Note: In the 2009 report America's Uninsured Crisis: Consequences for Health and Health Care, the IOM provides an updated review of the research evidence on three questions: (1) What are the dynamics driving downward trends in health insurance coverage? (2) Is being uninsured harmful to the health of children and adults? (3) Are insured people affected by high rates of uninsurance in their communities?
Lack of health insurance causes roughly 18,000 unnecessary deaths every year in the United States. Although America leads the world in spending on health care, it is the only wealthy, industrialized nation that does not ensure that all citizens have coverage. To help policy-makers, elected officials, and others judge and compare proposals to extend coverage to the nation's 43 million uninsured, the Institute of Medicine of the National Academies offers a set of guiding principles and a checklist in a new report, Insuring America's Health: Principles and Recommendations.
The report is the culmination of a series that offers the most comprehensive examination to date of the consequences of lack of health insurance on individuals, their families, communities and the whole society. The report also demonstrates how the principles can be used to assess policy options. The IOM Committee does not recommend a specific coverage strategy. Rather, it shows how various approaches could extend coverage and achieve certain of the Committee's principles.
The committee proposes a clear and compelling overall recommendation that by 2010 everyone in the United States should have health insurance and urges the president and Congress to act immediately by establishing a firm and explicit plan to reach this goal. The committee envisions an approach that will promote better overall health for individuals, families, communities, and the nation by providing financial access for everyone to necessary, appropriate, and effective health services.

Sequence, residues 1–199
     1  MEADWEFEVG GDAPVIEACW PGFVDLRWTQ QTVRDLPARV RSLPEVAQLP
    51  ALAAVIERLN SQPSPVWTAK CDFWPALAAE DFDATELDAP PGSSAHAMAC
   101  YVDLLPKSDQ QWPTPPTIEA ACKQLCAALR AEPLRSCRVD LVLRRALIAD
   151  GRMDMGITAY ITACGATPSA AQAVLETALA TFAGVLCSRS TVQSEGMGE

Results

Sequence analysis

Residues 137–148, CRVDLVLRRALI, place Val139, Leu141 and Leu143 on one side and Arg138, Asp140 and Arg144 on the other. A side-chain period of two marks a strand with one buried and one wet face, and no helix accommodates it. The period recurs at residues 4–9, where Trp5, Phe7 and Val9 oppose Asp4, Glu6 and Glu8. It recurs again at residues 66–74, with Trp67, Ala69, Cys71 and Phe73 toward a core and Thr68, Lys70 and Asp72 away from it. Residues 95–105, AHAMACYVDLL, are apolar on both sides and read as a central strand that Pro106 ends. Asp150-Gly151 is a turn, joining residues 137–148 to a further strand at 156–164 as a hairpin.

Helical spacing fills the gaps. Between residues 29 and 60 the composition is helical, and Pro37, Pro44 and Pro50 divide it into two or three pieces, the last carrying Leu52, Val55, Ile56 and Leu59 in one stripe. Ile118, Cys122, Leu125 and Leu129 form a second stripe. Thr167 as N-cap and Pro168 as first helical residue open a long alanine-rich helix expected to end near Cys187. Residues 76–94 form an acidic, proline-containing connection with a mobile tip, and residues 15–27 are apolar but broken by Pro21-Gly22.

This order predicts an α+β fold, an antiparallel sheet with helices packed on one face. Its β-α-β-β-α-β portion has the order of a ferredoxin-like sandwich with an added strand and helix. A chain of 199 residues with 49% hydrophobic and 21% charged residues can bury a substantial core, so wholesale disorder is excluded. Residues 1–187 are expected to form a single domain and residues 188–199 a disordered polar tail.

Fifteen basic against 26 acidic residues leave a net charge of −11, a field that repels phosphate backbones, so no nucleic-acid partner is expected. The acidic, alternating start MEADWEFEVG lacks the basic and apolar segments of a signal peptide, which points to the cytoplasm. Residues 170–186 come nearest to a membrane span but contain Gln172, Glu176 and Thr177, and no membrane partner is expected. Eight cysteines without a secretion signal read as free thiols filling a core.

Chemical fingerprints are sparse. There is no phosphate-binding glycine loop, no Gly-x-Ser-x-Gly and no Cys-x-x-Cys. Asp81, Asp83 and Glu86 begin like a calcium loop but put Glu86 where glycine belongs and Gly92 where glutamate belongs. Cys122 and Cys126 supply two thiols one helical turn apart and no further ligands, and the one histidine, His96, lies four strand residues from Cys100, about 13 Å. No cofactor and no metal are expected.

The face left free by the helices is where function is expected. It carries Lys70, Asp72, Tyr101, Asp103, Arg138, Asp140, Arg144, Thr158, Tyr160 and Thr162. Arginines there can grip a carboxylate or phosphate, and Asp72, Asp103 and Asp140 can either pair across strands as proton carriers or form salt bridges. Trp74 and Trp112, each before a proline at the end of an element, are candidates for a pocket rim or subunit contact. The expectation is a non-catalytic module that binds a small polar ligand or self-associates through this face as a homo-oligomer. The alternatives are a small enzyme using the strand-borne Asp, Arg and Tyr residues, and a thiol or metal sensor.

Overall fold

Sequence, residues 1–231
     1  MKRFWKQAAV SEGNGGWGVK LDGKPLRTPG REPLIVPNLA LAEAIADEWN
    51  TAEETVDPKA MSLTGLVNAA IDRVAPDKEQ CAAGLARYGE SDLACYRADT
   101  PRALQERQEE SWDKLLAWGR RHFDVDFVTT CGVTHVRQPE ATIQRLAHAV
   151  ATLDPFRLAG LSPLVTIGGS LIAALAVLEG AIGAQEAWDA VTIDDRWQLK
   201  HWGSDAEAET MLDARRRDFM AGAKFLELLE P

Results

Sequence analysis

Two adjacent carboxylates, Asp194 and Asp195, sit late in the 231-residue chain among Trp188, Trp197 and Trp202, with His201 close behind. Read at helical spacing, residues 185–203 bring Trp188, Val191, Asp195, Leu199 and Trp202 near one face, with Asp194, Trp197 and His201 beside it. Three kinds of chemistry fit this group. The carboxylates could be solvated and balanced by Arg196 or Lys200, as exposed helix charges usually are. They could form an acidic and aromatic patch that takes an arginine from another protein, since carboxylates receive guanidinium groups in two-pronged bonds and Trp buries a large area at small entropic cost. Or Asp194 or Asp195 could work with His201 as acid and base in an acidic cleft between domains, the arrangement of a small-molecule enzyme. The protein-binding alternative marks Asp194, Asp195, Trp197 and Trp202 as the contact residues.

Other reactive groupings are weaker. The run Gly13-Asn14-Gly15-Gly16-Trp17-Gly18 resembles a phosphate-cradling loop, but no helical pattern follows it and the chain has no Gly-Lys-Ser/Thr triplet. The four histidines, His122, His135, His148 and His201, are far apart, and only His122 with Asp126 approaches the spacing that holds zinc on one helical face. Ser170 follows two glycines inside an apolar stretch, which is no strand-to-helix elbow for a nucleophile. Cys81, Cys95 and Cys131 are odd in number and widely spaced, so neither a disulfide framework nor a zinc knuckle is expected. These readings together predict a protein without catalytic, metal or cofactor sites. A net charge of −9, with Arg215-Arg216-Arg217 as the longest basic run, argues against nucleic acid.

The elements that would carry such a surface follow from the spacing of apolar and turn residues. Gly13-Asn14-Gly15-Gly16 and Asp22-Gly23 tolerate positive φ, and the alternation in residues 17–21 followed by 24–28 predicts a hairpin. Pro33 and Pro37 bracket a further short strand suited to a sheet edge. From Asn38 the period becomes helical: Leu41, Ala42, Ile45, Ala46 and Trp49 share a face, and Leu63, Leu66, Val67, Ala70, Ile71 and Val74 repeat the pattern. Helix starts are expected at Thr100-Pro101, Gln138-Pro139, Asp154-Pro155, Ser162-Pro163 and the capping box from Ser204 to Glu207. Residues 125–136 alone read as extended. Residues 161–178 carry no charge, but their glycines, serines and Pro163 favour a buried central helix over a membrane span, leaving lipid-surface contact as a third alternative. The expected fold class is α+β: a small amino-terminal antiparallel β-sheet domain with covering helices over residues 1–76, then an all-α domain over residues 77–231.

In Insuring America's Health: Principles and Recommendations, the committee offers a set of guiding principles, based on the evidence reviewed in the Committee's previous five reports and on new analyses of past and present federal, state, and local efforts to reduce uninsurance., for analyzing the pros and cons of different approaches to providing coverage. The principles for guiding the debate and evaluating various strategies are:
- Health care coverage should be universal.
- Health care coverage should be continuous.
- Health care coverage should be affordable to individuals and families.
- The health insurance strategy should be affordable and sustainable for society.
- Health insurance should enhance health and well-being by promoting access to high-quality care that is effective, efficient, safe, timely, patient-centered, and equitable.
Although all the principles are necessary, the first is the most basic and important. The principles are intentionally general, which allows them to be applied in more specific operational and political processes. A fact sheet on each of these principles and a checklist of questions based on the principles are available below.